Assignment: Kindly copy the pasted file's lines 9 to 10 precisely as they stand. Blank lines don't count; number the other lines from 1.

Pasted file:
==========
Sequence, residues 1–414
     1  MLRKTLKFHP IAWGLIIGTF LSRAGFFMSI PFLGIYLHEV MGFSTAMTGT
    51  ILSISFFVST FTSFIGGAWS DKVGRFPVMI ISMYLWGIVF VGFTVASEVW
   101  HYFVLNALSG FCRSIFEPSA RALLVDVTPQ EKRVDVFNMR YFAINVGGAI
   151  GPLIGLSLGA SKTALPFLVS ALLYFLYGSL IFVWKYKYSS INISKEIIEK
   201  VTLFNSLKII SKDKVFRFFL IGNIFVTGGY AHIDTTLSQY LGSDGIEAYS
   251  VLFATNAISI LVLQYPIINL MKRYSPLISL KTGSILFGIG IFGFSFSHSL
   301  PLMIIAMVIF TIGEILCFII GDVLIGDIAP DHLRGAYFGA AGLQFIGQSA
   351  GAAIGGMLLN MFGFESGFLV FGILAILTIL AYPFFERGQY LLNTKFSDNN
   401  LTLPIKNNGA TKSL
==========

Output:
   351  GAAIGGMLLN MFGFESGFLV FGILAILTIL AYPFFERGQY LLNTKFSDNN
   401  LTLPIKNNGA TKSL